Fun Park Owner On A Roller-Coaster Ride A power struggle for control of Cedar Fair, which controls several of America's best-known amusement parks, comes to a head Thursday. Small shareholders might be the deciding factor in the Ohio-based company's fate.

Fun Park Owner On A Roller-Coaster Ride

Fun Park Owner On A Roller-Coaster Ride

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Park attendees ride on Millennium Force at Cedar Point in Sandusky, Ohio. Lexington Herald-Leader/Getty Images hide caption

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Lexington Herald-Leader/Getty Images

Cedar Fair, one of America's leading entertainment companies, is at the center of a fight for control between a hedge fund and some entrenched managers.

The billion-dollar company operates amusement parks from King's Dominion on the East Coast to Knott's Berry Farm in Califorinia. But it began with a park in Sandusky, Ohio.

Cedar Point sits on a tiny spit of land in Lake Erie and is home to the most roller coasters in the world. It's the second-oldest amusement park in the country, and the headquarters of Cedar Fair, which is second to Disney in the domestic amusement park business.

And locals are the key to the company's future. That's because the majority of shares in Cedar Fair are still held by independent investors — a situation that George Dent of Case Western Reserve University says is increasingly rare in corporate America.

"It's very unusual these days," Dent says. "Well over half of the equity of most publicly traded companies is now held by institutional investors."

Even so, the Texas hedge fund the Q Group and current company leaders are waged in a desperate struggle for control of the company.

Dent says it's a common struggle, one playing out daily in corporations.

"Usually, disputes are between managers who want to hang on to the profits and re-invest them, versus the investors who want to have those profits paid out by dividends or repurchases of the company's stock," he says.

But since neither Q Group nor the board controls enough Cedar Fair stock, each needs to win the hearts — actually, the proxies — of small investors. Current managers had built the company into a profit leader, but in expanding, it took on more than $1.5 billion in debt. Then came the recession.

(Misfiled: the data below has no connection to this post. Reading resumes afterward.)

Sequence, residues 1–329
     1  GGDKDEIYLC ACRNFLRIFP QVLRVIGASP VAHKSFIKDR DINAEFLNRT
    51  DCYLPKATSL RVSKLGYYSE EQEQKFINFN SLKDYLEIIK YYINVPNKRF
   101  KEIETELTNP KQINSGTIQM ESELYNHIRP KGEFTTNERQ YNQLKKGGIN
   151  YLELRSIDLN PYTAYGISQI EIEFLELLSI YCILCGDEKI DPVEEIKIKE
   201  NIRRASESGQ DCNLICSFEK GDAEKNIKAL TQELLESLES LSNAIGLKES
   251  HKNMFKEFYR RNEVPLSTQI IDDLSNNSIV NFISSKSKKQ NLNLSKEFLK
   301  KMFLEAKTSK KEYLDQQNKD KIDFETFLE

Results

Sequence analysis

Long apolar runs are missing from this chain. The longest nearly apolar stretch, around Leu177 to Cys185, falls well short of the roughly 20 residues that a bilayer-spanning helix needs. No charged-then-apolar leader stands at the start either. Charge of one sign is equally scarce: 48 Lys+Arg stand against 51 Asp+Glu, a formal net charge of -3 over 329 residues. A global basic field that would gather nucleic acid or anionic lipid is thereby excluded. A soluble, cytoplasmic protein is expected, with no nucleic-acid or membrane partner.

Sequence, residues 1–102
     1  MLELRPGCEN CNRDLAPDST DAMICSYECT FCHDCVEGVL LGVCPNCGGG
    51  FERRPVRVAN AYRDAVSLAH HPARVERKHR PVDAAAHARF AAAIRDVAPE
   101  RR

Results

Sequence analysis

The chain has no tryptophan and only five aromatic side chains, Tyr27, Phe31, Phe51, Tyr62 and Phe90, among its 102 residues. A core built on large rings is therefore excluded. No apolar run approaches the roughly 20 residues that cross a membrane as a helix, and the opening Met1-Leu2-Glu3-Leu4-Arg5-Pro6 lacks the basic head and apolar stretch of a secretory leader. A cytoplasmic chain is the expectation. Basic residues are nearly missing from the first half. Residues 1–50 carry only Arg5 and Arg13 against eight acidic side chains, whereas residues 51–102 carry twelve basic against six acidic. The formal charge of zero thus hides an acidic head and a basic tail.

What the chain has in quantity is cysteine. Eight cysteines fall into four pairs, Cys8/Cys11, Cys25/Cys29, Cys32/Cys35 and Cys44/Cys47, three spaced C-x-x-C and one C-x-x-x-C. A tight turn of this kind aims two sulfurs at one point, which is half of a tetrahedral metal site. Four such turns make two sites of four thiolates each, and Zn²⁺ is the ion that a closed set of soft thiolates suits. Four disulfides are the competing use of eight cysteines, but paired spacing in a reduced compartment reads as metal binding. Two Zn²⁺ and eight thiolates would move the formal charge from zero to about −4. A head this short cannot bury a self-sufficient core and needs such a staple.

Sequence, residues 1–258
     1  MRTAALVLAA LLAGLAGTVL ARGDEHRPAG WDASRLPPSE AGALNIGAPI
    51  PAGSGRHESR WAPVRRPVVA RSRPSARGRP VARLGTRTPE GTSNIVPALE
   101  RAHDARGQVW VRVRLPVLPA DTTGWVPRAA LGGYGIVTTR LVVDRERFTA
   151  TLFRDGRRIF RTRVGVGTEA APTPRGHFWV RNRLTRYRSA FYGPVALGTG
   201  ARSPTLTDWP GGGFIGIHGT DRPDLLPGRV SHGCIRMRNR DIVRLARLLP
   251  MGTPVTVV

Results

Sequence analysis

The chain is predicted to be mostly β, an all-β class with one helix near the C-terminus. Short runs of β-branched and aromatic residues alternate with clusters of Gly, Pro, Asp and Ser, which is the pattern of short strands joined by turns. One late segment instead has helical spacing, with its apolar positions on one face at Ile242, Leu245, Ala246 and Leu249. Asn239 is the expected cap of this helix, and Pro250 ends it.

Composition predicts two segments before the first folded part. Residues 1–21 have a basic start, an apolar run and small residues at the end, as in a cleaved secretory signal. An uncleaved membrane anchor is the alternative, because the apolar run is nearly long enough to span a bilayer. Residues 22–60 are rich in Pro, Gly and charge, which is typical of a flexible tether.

CEO Dick Kinzell, who recently had to give up his board chairmanship and confirmed his retirement at year's end, proposed selling to Apollo Entertainment — a holding company that would absorb the debt, take Cedar Fair private and keep management intact.

But the price offered was half the stock's pre-recession level. Q Group then bought enough shares to block the deal and began appealing to thousands of small shareholders for control.

"I thought that share price they quoted was extremely cheap, and I wouldn't have voted my own family shares for it," says Randy Hunt, a Sandusky investment broker who owns shares in Cedar Fair. "And I think the Q Group saw what Cedar Fair had built, and they saw it as a value."

Many other investors saw the value, too, but not just in the stock price. Sue Sheid is a happy Cedar Fair investor.

"It's paid dividends I have used since 1992, and it's been wonderful," she says. "And of course, especially for the community, its always been a good thing."

Hunt agrees. He says Q Group wants to maximize the value of the shares, but when a company has a local footprint like Cedar Fair's there are other considerations.

"I think there's a strong feeling here," Hunt says. "We want to see it kind of stay the same way it is, and, I mean, if they moved the headquarters out of here, psychologically and financially it would be devastating."

Two big players in the struggle for Cedar Fair will square off at the next annual meeting on Thursday. But since neither has power without investor proxies, it's Cedar Fair's small investors who may prove to be the deciding factor in the fate of the amusement company.